10 & 2

Before we talk about Scuba Diving, I want you to answer one question for me. And be honest!

By James Weber

Ready? Ok.

Here it is.

When you drive your vehicle, do you honestly keep your hands at “10 & 2”? 

I would bet the answer is probably “No”. I would also be willing to bet that those of you who were honest and answered “No” would share at least some of the same reasons for not doing so.

“You forget “10 & 2” most of the time.”

“You can drive perfectly well with just one arm up on the wheel at 12 o’clock.”

“You’ve never been in an accident even though you don’t drive with your hands at “10 & 2”.”

While those may seem like good arguments, there’s actually an even better one! No, really there is! 

According to StateFarm (You know, the people who cover car accidents every day) and the National Highway Traffic and Safety Administration (NHTSA), you should actually keep your hands at the 9 o’clock and 3 o’clock position! This is because since the invention and standardization of modern day airbags, having your hands at good old “10 & 2” can be very dangerous in the event of an accident.

So, how many of you keep your hands at “9 & 3”?

I’m just kidding. I’m not here to guilt trip you about your driving. I’m here to guilt trip you into DIVING! 

“What’s all that nonsense have to do with diving?” I hear you ask. “Super simple.” I reply.

Some of us, not nearly all or even most, take one Drivers Ed Class before we’re 16 years old. Then we take our Drivers License Test. If we pass, that’s it! We’re good to get out on the road and tear up the asphalt in metal boxes that weigh over a ton. We hardly ever think about it again. Driving is just something we do in our every day lives. All the time. No problem. I wonder how many of us on the road who fall into that category, still think “10 & 2” is the safest way to drive…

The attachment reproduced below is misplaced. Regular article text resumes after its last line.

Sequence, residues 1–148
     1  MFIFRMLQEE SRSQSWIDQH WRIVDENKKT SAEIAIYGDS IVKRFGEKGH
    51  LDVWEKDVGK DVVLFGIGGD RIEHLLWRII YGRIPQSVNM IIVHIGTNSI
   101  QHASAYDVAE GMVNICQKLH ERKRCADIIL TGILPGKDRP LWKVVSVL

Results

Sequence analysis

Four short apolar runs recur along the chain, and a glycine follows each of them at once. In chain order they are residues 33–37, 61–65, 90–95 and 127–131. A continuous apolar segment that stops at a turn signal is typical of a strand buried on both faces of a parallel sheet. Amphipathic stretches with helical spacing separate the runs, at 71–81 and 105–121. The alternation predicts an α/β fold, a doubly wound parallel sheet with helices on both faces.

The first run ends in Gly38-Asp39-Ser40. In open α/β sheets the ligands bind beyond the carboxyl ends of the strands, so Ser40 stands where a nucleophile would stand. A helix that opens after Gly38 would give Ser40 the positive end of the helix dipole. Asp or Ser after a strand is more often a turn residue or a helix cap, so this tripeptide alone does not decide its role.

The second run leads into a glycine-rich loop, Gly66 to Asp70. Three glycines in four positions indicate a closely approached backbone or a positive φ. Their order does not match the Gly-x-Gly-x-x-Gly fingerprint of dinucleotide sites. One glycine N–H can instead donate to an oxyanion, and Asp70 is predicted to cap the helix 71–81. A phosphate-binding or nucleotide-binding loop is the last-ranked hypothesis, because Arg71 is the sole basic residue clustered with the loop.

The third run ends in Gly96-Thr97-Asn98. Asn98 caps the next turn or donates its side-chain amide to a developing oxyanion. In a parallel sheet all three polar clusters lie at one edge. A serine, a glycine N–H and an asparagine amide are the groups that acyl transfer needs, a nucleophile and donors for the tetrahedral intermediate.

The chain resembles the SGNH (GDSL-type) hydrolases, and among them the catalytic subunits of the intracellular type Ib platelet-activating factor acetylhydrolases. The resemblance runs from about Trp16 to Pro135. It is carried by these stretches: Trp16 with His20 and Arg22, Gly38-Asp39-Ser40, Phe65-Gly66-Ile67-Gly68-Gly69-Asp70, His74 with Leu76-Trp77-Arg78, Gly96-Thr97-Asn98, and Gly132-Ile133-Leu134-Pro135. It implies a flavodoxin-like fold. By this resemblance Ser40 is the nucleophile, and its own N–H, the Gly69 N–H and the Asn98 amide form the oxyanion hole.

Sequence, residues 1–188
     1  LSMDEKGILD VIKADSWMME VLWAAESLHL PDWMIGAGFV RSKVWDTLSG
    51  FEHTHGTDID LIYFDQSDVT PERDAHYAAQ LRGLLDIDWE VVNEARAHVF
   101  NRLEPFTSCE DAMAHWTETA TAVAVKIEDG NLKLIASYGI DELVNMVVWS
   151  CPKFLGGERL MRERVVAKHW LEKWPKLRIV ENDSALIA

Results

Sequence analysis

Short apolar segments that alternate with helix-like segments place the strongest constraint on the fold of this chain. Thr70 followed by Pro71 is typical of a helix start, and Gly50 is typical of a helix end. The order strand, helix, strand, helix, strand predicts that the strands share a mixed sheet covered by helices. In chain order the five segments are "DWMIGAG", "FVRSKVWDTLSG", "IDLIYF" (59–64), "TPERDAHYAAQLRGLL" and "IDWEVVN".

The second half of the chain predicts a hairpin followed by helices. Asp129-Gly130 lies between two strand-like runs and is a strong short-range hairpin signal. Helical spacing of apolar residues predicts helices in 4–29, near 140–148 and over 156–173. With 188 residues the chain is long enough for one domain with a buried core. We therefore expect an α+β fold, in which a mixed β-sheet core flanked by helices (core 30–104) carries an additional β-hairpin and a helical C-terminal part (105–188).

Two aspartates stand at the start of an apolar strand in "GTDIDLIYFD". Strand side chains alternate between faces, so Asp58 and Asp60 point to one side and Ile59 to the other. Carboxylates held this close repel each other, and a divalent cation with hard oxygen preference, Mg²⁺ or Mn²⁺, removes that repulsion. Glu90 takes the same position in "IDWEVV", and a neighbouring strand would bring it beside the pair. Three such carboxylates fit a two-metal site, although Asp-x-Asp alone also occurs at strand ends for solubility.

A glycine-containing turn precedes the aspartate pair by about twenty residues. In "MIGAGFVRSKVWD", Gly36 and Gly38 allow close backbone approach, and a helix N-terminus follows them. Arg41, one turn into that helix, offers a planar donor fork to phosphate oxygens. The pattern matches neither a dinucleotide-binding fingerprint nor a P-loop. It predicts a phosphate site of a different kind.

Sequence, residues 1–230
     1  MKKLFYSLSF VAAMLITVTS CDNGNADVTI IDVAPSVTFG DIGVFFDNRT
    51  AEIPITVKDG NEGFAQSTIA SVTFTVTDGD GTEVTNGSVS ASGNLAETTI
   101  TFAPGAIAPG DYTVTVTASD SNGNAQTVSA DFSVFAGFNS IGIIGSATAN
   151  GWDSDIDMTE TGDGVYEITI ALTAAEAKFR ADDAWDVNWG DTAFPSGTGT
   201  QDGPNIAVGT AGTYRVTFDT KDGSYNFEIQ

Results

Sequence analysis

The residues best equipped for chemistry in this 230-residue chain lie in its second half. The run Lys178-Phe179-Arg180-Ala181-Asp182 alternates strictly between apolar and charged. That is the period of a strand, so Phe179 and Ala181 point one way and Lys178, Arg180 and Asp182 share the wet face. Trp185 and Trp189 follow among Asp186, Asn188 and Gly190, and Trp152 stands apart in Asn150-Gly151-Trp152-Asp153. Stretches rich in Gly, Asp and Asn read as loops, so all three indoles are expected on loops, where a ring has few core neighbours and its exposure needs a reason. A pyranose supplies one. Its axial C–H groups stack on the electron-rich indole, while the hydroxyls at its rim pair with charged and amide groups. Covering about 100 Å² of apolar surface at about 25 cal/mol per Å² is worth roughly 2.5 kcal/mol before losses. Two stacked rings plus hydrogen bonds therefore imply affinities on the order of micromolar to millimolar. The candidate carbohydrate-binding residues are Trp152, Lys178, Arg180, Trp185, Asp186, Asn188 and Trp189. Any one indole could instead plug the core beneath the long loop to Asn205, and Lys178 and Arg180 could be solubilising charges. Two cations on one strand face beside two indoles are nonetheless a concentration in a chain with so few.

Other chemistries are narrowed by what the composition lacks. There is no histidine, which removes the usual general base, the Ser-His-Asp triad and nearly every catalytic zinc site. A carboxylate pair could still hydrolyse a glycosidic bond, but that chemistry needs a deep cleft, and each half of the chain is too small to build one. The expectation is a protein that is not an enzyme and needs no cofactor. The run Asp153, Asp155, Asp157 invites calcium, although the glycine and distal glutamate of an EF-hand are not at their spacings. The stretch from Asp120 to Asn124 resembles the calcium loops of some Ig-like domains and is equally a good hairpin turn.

The same can be said for most Divers.

The sad fact is this: Open Water Scuba Diver Certification, your basic, first level dive course, makes up the majority of all diver training the world over. 

As with Driving, most folks learn to Dive, take their exam, and that’s it. They just go on and dive, and never look back. Entering an environment we as human beings are not built to survive in with the help of scuba equipment and a bold attitude! It’s part of their daily lives. They don’t even think about it. It’s a largely practical skill after all, just like driving a car. 

There are divers in their 90’s who carry only an open water diver certification. Now, they may be the worlds greatest diver, and they may follow all the latest innovations, they may know the new “9 & 3” rules of diving. I’m not knocking those guys, they’re incredible. But, to borrow some phrasing, “Aint nobody got time for that!” I certainly don’t want to spend the next 70 years doing all the leg work by myself to keep up with current standards and best practices! I want them laid out for me by the people who know, so I can have the best time possible when I do my giant stride!

That’s why I, a PADI IDC Staff Instructor, someone who spends his time training other Dive Pros, and a diver of nearly 20 years, still make time every year to take a new dive class!

Scuba is constantly evolving. Ten years ago we were teaching all SCUBA in classrooms with books and videos. Today most SCUBA is a combination of E-Learning and Review! 

Twenty years ago no one trusted dive computers because electronics underwater seemed like a bad idea! Today most dive professionals recommend a computer purchase to new divers before a wetsuit! 

Things change, technology improves, safety procedures that were gospel back in the day have been proven to be downright silly now.

Like keeping your hands at “10 & 2”.

Don’t be that diver. Sign up for your next dive class today. See what all you’ve missed since your open water course 2, 4, 6, 8, 10, 40 years ago and have some fun along the way!

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